I tried searching for this concept on the following Wikipedia pages, but I haven’t really found anything describing what I’m thinking about. It seems that “attribution bias” pertains only to psychology, and isn’t used to describe biases towards other phenomena in academia.

## 9. Question Evasion Techniques

Question Evasion Techniques are various techniques that people will use to avoid questioning their beliefs and worldview:

- Ignoring the question
- Acknowledging the question without answering it
- Questioning the question by:
- requesting clarification
- reflecting the question back to the questioner, for example saying “you tell me”

- Attacking the question by saying:
- “the question fails to address the important issue”
- “the question is hypothetical or speculative”
- “the question is based on a false premise”
- “the question is factually inaccurate”
- “the question includes a misquotation”
- “the question includes a quotation taken out of context”
- “the question is objectionable”
- “the question is based on a false alternative”

- Attacking the questioner
- Declining to answer by:
- refusing on grounds of inability
- being unwilling to answer
- saying “I can’t speak for someone else”
- deferring answer, saying “it is not possible to answer the question for the time being”
- pleading ignorance
- placing the responsibility to answer on someone else

- Attacking the questioner
- Tactical Nihilism

### 9.1. Tactical Nihilism

Tactical Nihilism: A bad-faith debating tactic where the debater selectively rejects commonly understood concepts, systems of classification, or terminology used by their opponent, halting any substantive debate, but supports their own viewpoints using those same concepts.

Instead of evaluating the logic of an opposing argument, the tactical nihilist will feign confusion, and attack a term used by their opponent. If the opponent, unaware of the tactic, takes the debater’s apparent confusion in good faith, the conversation is quickly derailed into long discussions where the debater will continually request more and more evidence simply to establish the term’s definition or validity, which the debater really understood in the first place. The debater will split every hair, attempt to deconstruct other words and concepts, and request more evidence. The original argument is forgotten and appears to be unaddressed by the opponent, and the debater is then able to feel victorious. Example:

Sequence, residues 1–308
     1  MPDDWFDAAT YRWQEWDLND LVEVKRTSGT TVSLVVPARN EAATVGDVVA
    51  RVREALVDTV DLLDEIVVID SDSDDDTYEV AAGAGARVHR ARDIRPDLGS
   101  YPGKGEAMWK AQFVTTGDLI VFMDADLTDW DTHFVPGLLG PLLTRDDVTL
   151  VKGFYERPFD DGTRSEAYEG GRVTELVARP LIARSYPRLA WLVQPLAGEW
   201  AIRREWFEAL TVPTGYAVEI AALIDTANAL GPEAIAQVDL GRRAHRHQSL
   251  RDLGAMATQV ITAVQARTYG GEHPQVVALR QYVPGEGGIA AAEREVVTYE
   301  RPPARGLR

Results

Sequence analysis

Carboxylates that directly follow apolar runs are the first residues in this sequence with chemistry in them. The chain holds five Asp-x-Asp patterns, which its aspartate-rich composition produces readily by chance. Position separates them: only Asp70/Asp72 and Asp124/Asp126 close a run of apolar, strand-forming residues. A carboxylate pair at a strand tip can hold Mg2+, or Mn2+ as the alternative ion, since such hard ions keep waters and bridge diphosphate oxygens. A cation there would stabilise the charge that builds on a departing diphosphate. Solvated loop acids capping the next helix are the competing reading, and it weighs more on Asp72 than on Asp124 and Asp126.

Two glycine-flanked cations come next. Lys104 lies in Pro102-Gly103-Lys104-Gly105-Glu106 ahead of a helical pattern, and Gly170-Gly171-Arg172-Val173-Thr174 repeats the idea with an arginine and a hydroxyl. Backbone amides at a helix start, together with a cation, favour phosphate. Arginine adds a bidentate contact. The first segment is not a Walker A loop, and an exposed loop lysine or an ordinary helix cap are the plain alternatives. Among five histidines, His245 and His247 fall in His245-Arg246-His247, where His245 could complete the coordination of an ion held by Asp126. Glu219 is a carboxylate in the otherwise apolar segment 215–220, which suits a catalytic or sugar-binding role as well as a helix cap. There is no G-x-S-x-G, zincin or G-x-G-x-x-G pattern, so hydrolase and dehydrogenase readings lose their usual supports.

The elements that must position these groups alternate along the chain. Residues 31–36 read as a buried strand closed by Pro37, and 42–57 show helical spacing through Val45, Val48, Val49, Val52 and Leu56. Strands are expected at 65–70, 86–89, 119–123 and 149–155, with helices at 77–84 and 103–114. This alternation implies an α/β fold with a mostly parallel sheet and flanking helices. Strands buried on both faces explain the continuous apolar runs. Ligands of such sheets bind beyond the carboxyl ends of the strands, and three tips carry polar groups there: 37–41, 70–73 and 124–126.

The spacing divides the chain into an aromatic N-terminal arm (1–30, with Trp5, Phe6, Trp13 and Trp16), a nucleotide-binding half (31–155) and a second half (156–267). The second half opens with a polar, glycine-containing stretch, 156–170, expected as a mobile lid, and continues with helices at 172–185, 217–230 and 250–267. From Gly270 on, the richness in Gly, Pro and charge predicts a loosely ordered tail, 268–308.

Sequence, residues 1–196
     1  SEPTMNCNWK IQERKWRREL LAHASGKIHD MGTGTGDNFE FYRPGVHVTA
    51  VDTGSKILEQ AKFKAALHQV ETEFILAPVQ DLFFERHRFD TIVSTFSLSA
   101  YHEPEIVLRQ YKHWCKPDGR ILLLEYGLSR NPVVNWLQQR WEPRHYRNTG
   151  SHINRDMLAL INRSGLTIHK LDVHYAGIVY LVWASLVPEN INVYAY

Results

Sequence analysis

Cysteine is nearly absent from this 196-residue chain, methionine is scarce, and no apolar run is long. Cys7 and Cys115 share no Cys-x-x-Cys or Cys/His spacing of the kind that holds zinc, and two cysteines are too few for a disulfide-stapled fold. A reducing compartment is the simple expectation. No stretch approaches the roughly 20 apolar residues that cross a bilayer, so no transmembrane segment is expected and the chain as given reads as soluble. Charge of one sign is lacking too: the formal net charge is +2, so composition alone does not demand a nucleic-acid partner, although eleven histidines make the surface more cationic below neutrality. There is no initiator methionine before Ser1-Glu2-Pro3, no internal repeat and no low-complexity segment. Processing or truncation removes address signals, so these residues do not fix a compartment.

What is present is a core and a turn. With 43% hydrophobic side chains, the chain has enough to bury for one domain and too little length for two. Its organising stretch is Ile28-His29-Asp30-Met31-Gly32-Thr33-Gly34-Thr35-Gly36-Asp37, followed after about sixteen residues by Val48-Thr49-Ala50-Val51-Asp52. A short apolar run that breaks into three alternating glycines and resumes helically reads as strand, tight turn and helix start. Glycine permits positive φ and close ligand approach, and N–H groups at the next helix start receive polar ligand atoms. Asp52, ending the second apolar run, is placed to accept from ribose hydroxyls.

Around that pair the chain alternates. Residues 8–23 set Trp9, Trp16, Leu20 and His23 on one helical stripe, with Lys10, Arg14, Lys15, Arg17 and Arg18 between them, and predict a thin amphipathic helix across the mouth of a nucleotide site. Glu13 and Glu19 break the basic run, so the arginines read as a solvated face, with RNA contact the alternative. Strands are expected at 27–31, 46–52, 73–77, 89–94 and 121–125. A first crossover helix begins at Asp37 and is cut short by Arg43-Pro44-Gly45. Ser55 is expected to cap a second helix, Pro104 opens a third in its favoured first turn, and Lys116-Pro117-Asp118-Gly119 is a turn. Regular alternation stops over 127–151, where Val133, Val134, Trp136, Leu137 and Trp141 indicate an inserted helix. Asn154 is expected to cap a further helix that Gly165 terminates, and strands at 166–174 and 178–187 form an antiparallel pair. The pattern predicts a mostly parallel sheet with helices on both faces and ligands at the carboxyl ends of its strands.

Alice: White people, becoming a dwindling and hated minority in the United States, face challenges as a group and should be allowed to advocate for their interests as a race.

Bob: Race? What even is that, really? And what is white? What about Italians and the Irish? I don’t even know what you’re talking about.

Alice: Wait, you support black, Hispanic and Asian minority activism. You know what race is, and I’ve never heard you try to deny or deconstruct any of those other racial identities before. And you sure seem to know what white people are when you’re attacking them for white privilege, or when you think there are too many of them. Please stop with the tactical nihilism.

### 9.2. Tactical Empiricism

Tactical Empiricism is when a debater expects the opponents to supply large amounts of evidence to support their positions, while not holding themselves to the same standard of ensuring accurate, high-quality information. Tactical Empiricism is similar to Tactical Nihilism since both tactics are unfairly selective about the means of knowledge that one must use to defend their arguments.

## 10. Graham’s Hierarchy Of Disagreement

Citation: Graham’s Hierarchy of Disagreement, under CC BY-SA 3.0, by Loudacris.

## 11. Bloom’s Taxonomy

## 12. Proofs

### 12.1. Introduction to Proofs

- Introduction to Axioms.
- Theorems are statements that can be proven to be true.
- Answering whether statements are provable or not is a set theory topic.
- If a statement is provable (i.e. it is theorem), we write a proof to prove it.
- If a statement is improvable, it goes to the backburner.

- A proof consists of a series of steps, each that logically follow from assumptions or previously proven statements, whose final step results in the theorem statement being proven.
- Theorems should be rewritten using precise mathematical language before they are proven. All the assumptions in the theorem’s statement and everything that is known should be written down.
- If the proof is not a direct proof, it is good practice to state what type of proof is being done.
- It is extremely helpful to have someone else look over your proof. They will often be able to critique, spot holes, or make suggestions to improve your proof, which you may have missed due to your selective attention.

### 12.2. Advice For Improving Proof-Writing Skills

- Expand out unfamiliar terms.
- Replace generic statements with statements about generic objects.
- Include implicit information.
- Practice makes perfect.

More Advice: Example Step by Step Proof.

### 12.3. Types Of Proofs

- Direct Proofs prove the truth / falsehood of a statement through a set of axioms that prove a conclusion c as a direct result of the assumption, like a conditional statement.
- In a direct proof of a conditional statement, the hypothesis p is assumed to be true and the conclusion c is proven as a direct result of the assumption.

- Proofs by Contrapositive prove conditional theorems of the form p → c by showing that the contrapositive ¬c → ¬p is true. If the hypothesis is proven false, the conditional is true.